Through this book, my journaling (the first of her creative habits) has gone far beyond a mere diary. It has become, literally, conversation with God. I write – in stream of consciousness – about whatever comes to mind and I do so almost every single day. In these personal pages, I grapple with frustration and celebrate joy. I pray. God and I connect, and I intercept His gifts of meaning-filled creativity. You should get a copy. Mark it up. Do the exercises. I think you’ll find your own fount of creativity over-flowing.
Twyla Tharp / The Creative Habit
To understand the need for and develop your own creativity habits, read The Creative Habit: Learn it And Use it For Life by Choreographer Twyla Tharp. Like Cameron, Tharp is a no nonsense writer. Her main theme is about what she calls rituals. We all have rituals; habitual processes we follow everyday without question. Yours differ from mine, but to the health and well-being of our creativity, they’re essential. Tharp will lead you to develop and use your own creativity rituals.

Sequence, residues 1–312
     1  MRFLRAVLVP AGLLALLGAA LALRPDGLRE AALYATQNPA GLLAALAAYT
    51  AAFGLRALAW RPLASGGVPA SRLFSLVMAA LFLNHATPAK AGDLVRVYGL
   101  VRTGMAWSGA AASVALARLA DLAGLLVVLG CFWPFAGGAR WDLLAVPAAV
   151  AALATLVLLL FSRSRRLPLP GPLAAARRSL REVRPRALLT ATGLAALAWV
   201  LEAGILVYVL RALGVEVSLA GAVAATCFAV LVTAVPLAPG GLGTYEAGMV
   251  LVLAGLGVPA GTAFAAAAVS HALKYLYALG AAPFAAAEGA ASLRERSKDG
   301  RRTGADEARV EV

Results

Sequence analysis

Creative habits are what I find so harmonious about the writings of Cameron and Tharp. And both are speaking from their own hands-on, life affirming experiences. They’re the real deal, which is why I respect them and their advice.
Now you know where faith-driven artists get their dreams and how to nurture and nourish yours. I’m not a PhD in anything. I’m a working artist who, like you, struggles to find meaning and purpose every day. You can probably tell that I read – a lot! I take copious notes. I tag and label books I own. They become tools which I revisit for further growth or as a pick-me-up, reminding me what I’m doing and why. I take what I learn from God, through these authors, and I put it into fruitful action – you can too!